This was followed by Karen Day of Fulcrum Maritime Systems describing their systems including MetOcean, Automatic Identification System (AIS), Vessel Monitoring System (VMS), satellite and drone data alongside people logging data on ships. They have a 20-minute turnaround for oil spill detection and see a new area as Greenhouse Gas emissions.
Andy Iwanoczko,Â Telespazio Vega, also presented their vessel monitoring system and showcased how AIS and EO data can be used to pick up unusual behaviour that indicates an out of the ordinary activity is occurring.
The second day began with strategy and funding for space. Harald Gruber, European Investment Bank, talked about how venture capitalists in Europe are more risk-averse and focus on smaller investments than their counterparts in the US. This reinforced messages weâ€™d heard at the Copernicus Ecosystems Workshop last November. A more positive view of funding came from Gareth Keane, Promus Ventures, noting that investment in space has been growing rapidly over the last three years and that they saw lots of potential for the space industry ahead.
The Challenges.Space session was William Priest, Chief Executive of the Geospatial Commission, who described the importance of opening the economic value of data by looking at interoperability, data quality and standards; alongside the move to increased open data.
The session became more memorable with the last speaker Martin Harris, Tumika, who did admirably to content with the loud automated messages of a fire alarm test. We found Martinâ€™s presentation extremely interesting who discussed the role of New Space in development activities. He discussed that 25% of grants will often be spent on Impact, Compliance and Monitoring and using EO to increase efficiency would allow an increased proportion of the grant to be used for the original intention. The challenges in development are long term investment, a strong focus on a specific activity rather than platforms that everyone can benefit from and implementing top-down approaches that may not suit those on the ground.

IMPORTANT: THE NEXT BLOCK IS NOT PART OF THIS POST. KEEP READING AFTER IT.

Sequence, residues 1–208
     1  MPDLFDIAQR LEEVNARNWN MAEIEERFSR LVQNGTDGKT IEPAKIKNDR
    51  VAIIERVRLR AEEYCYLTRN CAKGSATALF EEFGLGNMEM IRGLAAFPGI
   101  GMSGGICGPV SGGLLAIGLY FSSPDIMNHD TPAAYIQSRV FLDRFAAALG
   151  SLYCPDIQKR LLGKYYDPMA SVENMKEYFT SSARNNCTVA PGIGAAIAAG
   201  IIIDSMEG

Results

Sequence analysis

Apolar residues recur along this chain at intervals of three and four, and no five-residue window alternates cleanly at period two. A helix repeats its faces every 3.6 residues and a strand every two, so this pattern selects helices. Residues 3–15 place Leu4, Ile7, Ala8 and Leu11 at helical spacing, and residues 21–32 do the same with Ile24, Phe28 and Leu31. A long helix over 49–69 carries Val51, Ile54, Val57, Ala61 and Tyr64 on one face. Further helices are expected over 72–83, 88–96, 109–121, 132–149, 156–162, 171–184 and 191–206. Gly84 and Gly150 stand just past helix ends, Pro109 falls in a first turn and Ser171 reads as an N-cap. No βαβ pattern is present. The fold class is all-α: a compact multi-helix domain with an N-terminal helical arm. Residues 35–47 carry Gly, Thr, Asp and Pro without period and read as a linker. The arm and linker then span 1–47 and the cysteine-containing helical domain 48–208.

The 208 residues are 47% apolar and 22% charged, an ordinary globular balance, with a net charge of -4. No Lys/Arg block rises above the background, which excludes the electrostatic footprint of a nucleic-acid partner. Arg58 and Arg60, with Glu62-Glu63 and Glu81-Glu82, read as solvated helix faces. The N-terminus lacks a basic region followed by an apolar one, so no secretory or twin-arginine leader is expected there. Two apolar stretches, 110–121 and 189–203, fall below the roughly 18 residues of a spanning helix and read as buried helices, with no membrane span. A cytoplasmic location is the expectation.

Luigi Scatteia from PriceWaterhouseCoopers talked about how theyâ€™ve moved from reporting into helping to problem solve within the space sector. Â Their advice was to start small, in a scalable way, and follow a use-case driven approach when developing a service.
The final session was looking at future developments. Daniel Ceperley, from LeoLabs, described the plans for 16,000 low earth orbit satellites to be launched in the next few years â€“ which given there are currently only around 1,000 satellites in LEO shows the huge anticipated growth. One of the new companies in this area is Capella Space Corporation, and the founder and CEO Payam Banazadeh noted their plans to launch 36 high-resolution SAR CubeSats, beginning later this year, to eventually provide a revisit time of only one hour.
Overall, it was a great conference with intriguing presentations, interesting discussions and a great chance to catch up with old friends and make new ones. Weâ€™re looking forward to 2020!